- The Straits times
Singapore has lost its top spots in the Programme for International Student Assessment (PISA) rankings, thanks to China’s astronomical rise for all three subjects measured.
China’ highest ranking in the 2015 assessment was sixth for mathematics, and it did not even make the top 10 for the other two subjects, science and reading. For the 2018 assessment, it ranked first place for every subject, pushing Singapore to second spot on the three rankings.
Following behind Singapore was Macau, which ranked third place in all three categories.
Singapore students significantly outperform those in most other countries
Despite this, Singapore’s 15-year-olds were found to have significantly outperformed their global counterparts once again in the latest assessment, which takes place once every three years.
The Republic’s 6,676 students who participated in the exam scored higher than the Organisation for Economic Cooperation Development’s (OECD) average in reading, mathematics and science.
Singapore scored 549 points for reading, 551 for science, and 569 for mathematics.
PISA is a global benchmarking study which tests how well students apply their knowledge and skills to solve problems. There were 600,000 students from 79 participating countries and economies in the 2018 study.
The latest assessment also showed that the Republic had a high proportion of top performers, with 37 per cent doing well in mathematics, 26 per cent doing well in reading, and 21 per cent doing well in science.
The OECD average across the three categories ranged from 7 per cent to 11 per cent.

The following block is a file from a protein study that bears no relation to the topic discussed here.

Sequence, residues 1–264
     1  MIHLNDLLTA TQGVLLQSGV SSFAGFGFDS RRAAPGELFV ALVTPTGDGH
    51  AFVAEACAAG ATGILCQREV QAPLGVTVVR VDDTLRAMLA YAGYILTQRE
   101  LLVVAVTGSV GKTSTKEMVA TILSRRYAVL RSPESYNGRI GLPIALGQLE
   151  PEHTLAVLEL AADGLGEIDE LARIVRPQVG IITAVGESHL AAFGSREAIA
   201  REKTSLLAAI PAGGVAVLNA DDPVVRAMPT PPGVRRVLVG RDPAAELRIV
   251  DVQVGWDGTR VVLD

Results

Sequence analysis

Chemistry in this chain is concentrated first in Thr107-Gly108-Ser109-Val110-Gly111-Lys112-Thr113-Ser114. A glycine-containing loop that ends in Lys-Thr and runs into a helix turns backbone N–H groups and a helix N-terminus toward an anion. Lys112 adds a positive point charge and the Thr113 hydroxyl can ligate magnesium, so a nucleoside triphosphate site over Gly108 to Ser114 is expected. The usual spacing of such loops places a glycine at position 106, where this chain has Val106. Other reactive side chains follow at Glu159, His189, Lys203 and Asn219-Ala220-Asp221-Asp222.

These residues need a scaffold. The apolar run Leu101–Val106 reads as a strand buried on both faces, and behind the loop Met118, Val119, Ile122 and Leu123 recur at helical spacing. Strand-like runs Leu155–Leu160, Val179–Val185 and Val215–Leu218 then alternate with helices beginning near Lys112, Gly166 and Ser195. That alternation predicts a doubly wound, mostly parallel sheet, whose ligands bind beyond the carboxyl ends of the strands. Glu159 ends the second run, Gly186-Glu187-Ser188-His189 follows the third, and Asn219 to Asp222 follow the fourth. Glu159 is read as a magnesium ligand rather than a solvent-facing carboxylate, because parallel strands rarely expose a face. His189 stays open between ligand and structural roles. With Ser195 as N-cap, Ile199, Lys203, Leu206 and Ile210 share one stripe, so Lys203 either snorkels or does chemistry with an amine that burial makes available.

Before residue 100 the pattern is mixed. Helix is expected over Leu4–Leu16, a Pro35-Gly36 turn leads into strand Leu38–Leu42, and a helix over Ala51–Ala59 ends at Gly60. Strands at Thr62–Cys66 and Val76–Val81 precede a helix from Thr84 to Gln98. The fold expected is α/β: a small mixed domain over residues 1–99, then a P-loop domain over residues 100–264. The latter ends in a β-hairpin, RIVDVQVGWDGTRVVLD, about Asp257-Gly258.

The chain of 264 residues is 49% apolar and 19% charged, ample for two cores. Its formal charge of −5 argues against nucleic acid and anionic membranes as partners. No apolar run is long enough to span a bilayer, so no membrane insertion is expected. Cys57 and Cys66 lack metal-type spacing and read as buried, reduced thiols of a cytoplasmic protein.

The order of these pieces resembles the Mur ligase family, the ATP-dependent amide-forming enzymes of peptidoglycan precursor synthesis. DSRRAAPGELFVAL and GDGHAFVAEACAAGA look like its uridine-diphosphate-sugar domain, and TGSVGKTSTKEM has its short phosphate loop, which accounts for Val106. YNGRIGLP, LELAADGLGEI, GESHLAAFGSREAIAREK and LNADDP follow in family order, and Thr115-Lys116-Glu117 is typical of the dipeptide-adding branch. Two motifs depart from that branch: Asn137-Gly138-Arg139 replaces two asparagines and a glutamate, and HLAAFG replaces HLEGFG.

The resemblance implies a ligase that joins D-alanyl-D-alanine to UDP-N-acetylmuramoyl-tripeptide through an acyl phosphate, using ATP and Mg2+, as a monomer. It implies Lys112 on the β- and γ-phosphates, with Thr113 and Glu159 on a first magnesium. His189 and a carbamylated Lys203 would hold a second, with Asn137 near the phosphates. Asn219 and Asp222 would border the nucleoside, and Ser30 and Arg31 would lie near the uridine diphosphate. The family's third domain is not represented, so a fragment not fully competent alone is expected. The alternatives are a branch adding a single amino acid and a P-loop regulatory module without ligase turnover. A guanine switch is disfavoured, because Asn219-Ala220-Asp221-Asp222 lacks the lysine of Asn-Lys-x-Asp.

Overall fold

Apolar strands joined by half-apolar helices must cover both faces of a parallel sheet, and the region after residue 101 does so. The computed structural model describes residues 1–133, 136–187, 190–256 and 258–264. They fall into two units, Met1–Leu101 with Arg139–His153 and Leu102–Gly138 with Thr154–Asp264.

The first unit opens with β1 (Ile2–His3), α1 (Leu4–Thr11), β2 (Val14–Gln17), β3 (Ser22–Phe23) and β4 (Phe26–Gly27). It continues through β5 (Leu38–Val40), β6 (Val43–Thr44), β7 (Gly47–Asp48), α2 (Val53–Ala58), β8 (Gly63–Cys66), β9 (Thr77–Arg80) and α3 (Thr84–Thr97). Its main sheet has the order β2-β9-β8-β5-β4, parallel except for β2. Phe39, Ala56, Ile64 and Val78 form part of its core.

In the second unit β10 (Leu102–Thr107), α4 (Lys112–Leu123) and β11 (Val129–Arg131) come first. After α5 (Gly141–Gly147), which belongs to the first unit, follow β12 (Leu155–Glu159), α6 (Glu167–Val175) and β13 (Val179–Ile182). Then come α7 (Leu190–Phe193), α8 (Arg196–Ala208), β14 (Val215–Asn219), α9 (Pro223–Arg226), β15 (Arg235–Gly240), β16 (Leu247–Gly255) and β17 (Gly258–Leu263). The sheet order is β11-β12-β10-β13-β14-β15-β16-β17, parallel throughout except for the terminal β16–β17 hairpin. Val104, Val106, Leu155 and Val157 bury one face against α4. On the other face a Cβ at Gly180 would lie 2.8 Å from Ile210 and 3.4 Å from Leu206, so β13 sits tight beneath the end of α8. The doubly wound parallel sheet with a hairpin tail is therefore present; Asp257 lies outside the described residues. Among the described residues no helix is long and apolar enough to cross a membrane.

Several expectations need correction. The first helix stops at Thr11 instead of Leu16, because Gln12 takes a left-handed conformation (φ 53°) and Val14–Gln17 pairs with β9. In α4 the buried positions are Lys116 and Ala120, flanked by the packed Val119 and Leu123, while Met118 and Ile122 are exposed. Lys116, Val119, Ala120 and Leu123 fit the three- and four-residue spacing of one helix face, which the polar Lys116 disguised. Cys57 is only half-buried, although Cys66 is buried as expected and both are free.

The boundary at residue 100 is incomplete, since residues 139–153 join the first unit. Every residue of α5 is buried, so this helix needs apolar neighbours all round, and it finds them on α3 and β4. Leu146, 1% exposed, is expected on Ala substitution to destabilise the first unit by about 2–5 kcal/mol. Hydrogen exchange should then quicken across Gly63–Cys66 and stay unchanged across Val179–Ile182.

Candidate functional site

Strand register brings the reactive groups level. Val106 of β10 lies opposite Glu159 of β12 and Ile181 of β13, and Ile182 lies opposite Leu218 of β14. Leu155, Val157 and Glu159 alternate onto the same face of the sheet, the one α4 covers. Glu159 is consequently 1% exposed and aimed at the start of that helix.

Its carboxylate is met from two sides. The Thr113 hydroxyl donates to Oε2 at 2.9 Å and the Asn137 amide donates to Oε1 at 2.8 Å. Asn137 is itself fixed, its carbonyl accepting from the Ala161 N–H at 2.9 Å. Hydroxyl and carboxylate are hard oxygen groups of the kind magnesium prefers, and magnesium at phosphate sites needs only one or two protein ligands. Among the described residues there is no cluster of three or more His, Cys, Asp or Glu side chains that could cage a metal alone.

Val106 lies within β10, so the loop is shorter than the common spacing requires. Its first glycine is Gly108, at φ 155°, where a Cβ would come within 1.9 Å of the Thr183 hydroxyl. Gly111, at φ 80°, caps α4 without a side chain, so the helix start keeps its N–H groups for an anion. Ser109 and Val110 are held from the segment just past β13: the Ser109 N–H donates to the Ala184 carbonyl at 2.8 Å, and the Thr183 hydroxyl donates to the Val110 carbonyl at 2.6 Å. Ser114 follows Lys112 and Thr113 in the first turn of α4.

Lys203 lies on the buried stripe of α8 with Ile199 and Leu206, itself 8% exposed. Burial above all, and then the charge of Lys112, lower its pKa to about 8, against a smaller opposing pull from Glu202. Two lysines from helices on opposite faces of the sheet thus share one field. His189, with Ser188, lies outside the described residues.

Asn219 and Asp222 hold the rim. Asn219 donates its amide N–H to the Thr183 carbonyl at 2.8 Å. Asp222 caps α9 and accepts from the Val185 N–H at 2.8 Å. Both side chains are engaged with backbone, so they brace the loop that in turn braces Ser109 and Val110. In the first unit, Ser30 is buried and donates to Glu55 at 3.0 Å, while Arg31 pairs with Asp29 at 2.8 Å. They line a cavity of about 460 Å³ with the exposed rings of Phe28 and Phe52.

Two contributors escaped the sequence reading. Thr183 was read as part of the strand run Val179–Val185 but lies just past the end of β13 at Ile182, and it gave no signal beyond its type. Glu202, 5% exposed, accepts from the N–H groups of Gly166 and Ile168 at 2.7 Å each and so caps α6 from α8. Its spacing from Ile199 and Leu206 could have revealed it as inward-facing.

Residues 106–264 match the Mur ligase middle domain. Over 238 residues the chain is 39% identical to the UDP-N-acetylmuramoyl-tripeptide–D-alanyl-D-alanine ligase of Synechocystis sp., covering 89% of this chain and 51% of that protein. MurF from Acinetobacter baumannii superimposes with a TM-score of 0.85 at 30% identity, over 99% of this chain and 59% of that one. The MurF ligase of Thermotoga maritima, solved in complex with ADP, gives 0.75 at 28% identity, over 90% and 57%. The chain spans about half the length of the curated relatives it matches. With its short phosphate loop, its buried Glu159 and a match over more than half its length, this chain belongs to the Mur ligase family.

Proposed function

Singapore also had notably lower proportions of low performers in all three subjects at 7 per cent for mathematics (third lowest in the world), 9 per cent for science (fourth lowest in the world) and 11 per cent for English (fourth lowest in the world).
Low performers are defined as those who scored below a Level 2 proficiency for the subject.
Singapore students scoring higher now
Singapore’s average scores across the three topics also improved since it first participated in 2009, with the largest area of improvement being literacy.
The Ministry of Education (MOE) credited the improvement in reading to the strong emphasis on development of critical reading skills in secondary English language curriculum, as well as the literacy foundation provided in primary schools.
In a press release, Sng Chern Wei, Deputy Director-General of Education, said that the PISA 2018 results show that Singapore students are “well-equipped with critical skills and the resilience that would serve them well in a rapidly changing and complex world”.
Education Minister Ong Ye Kung wrote in a Facebook post on Tuesday (Dec 3) that “doing well in international rankings is not our end goal“.
“But such benchmarking is useful to gauge where we stand internationally, and to reflect on where we can improve, such as making education more holistic, inculcating greater joy for learning, and creating an environment where failure is more accepted,” Ong said.
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